Sebastian Rushworth MD: How Well do Doctors Understand Probability?
re: Sebastian Rushworth MD: “62% reduction in the relative risk of dying among covid patients treated with Ivermectin”
Something is awry in medicine, well, lots of things are awry, but you already knew that if you’ve graduated from the lowest levels of awareness of the world.
How well do doctors understand probability?
by Sebastian Rushworth M.D., 23 June 2021
I think that anyone who has even a partial understanding of what doctors do understands that the practice of medicine, although based on scientific knowledge, isn’t a science. Rather it is an art form. And as with all art forms, there are those who excel, and those who plod along, occassionally producing something nice or useful. Most people are probably aware of the fact that if you go to five different doctors with a problem, there is a significant probability that you will get five different answers....
One of the things that always needs to be estimated in any individual consultation is probability... But how good is the average doctor?
That is what a study recently published in JAMA Internal Medicine sought to find out...
... In the pneumonia scenario, the doctors overestimated the pre-test probability of pneumonia by 78%. In other words they thought the likelihood that the patient had pneumonia was almost double what it actually was. Not good. Unfortunately, that was their best performance. When it came to angina, they overestimated the pre-test probability by 148%. When it came to breast cancer, they overestimated the pre-test probability by 976% (i.e. they thought it was ten times more likely than it actually was). And when it came to the urinary tract infection scenario, they overestimated the pre-test probability by 4,489%! (i.e. they thought it was 45 times more likely than it actually was).
Doh! What are doctors being taught in medical school these days?
What I think is particularly interesting here is that the error was always in the same direction – in each of the four scenarios the doctors thought that the disease was more likely than it is in reality. If this reflects real world outcomes, then that would mean that doctors probably engage in an enormous amount of overtreatment. Obviously, if you think a patient likely has a urinary tract infection, you’re going to prescribe an antibiotic. And if you think a patient likely has angina, you’re going to prescribe a nitrate. You might even refer the patient for some kind of interventional procedure.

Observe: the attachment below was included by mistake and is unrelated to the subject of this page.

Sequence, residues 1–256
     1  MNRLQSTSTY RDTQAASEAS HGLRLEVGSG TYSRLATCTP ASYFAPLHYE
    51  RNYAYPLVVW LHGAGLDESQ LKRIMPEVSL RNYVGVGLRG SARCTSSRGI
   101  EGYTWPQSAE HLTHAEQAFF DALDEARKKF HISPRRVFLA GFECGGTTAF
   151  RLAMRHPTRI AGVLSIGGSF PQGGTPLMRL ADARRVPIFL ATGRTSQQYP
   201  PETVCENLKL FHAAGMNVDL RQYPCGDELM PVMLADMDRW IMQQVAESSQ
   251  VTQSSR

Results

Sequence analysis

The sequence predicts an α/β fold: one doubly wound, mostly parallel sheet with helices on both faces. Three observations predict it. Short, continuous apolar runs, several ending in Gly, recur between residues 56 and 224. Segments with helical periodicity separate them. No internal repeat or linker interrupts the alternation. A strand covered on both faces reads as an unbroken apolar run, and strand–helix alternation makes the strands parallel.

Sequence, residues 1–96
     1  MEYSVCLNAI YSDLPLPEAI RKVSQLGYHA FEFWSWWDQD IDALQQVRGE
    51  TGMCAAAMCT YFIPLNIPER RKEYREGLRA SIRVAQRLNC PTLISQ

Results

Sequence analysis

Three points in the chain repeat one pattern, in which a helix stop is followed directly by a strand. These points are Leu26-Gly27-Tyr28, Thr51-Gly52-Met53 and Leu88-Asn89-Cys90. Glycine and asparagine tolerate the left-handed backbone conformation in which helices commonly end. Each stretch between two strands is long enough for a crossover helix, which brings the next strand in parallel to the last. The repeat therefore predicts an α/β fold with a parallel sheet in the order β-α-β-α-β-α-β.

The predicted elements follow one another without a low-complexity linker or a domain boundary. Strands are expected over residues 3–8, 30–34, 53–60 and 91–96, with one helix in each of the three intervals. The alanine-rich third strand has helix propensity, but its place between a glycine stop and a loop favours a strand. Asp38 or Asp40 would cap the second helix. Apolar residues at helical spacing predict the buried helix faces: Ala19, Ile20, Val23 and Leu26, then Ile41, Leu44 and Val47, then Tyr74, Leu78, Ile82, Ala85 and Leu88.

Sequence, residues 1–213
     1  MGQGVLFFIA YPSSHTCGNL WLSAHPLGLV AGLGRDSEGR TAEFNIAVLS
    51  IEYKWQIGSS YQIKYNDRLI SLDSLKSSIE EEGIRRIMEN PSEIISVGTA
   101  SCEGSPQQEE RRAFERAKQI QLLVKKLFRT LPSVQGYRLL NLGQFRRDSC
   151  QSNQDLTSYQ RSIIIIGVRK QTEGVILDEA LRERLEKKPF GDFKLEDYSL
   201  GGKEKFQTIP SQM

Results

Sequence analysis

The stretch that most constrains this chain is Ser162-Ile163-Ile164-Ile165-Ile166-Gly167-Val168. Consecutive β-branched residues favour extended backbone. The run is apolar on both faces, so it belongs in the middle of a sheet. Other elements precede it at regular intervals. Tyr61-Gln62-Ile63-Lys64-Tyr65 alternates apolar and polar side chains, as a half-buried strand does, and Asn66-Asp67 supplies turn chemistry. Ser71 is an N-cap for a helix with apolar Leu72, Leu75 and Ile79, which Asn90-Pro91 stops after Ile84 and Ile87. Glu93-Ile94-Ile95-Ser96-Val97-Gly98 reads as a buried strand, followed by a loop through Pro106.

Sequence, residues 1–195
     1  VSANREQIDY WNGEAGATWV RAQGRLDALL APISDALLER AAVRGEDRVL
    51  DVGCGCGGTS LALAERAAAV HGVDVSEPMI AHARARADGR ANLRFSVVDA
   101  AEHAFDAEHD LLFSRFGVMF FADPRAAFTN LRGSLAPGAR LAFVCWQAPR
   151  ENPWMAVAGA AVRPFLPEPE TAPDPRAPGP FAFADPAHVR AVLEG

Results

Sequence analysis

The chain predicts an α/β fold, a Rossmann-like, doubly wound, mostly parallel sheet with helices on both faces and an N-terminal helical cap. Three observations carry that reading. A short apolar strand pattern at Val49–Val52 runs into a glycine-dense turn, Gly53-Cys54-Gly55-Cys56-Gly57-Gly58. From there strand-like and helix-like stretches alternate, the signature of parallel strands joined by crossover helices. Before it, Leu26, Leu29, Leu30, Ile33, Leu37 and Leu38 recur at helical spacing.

...When it comes to how much a test changes estimation of probability, the doctors overestimated the effect of a positive lung x-ray by 92%, of a mammography by 90%, and of a cardiac stress test by 804%! They were relatively on the mark, however, when it came to estimating the impact of a positive urine culture, only overestimating by 10%.
...Doctors have a pretty poor understanding of how the tests they use influence the probability of disease, and they heavily overestimate the likelihood of disease after a positive test.
...Finally, the survey asked the doctors to consider a hypothetical scenario in which 1 in 1,000 people has a certain disease, and estimate the probability of disease after a positive and negative result for a test with a sensitivity of 100% and a specificity of 95%... The average doctor in the study thought that the odds of a person with a positive test actually having the disease was 95%. In other words, they overestimated the probability by 4,750%! Apart from that, they thought that a person with a negative test still had a 3% probability of disease, even though the sensitivity was listed as 100% (which means that the test never fails to catch anyone with the disease).
Doctors suck at estimating the probability of common conditions in scenarios they face on a daily basis, are not able to correctly interpret the tests they use, and don’t understand even very basic diagnostic testing concepts like sensitivity and specificity. It’s kind of like a pilot not being able to read an altitude indicator. Be afraid. Be very afraid.
Medical schools should be thinking long and hard about the implications of this study. What it tells me is that medical education needs a massive overhaul, on par with the one that happened a hundred years ago after the Flexner report. We don’t send pilots up in to the air without making sure they have a complete understanding of the tools they use. Yet that is clearly what we are doing when it comes to medicine. Admittedly the practice of medicine is much more complex than flying a plane, but I don’t think that changes the fundamental point.
WIND: incompetence (no other word for it) seems not just demonstrated but proven here—if most doctors don’t even understand test sensitivity, which is so basic as to be laughable. How competent can their total thinking be with such a glaring fault? You can’t do algebra if you can’t get 2+2 correct.
What do you think the odds are of getting a doctor to accurately assess the risks of a COVID vaccine vs the disease itself for a particular patient, given these probability estimation failings? Along with the heavy-handed political pressures* to encourage patients to get it by blind obedience irrespective of any patient-specific considerations... you’re going to get crap advice from most doctors.
These 'F'-grade results for doctors are why I believe I am MORE qualified than every doctor I’ve met to estimate the odds for myself, having training in mathematics and statistics and operations research, and a way better bullshit meter and knowledge of the way the body actually operates (via decades of self study).
Anyone for the “you’re not a medical doctor, so stay in your lane” twaddle so fondly cited in all public forums these days?
* Government, medical boards, insurers, public forums, medical licensing boards, etc.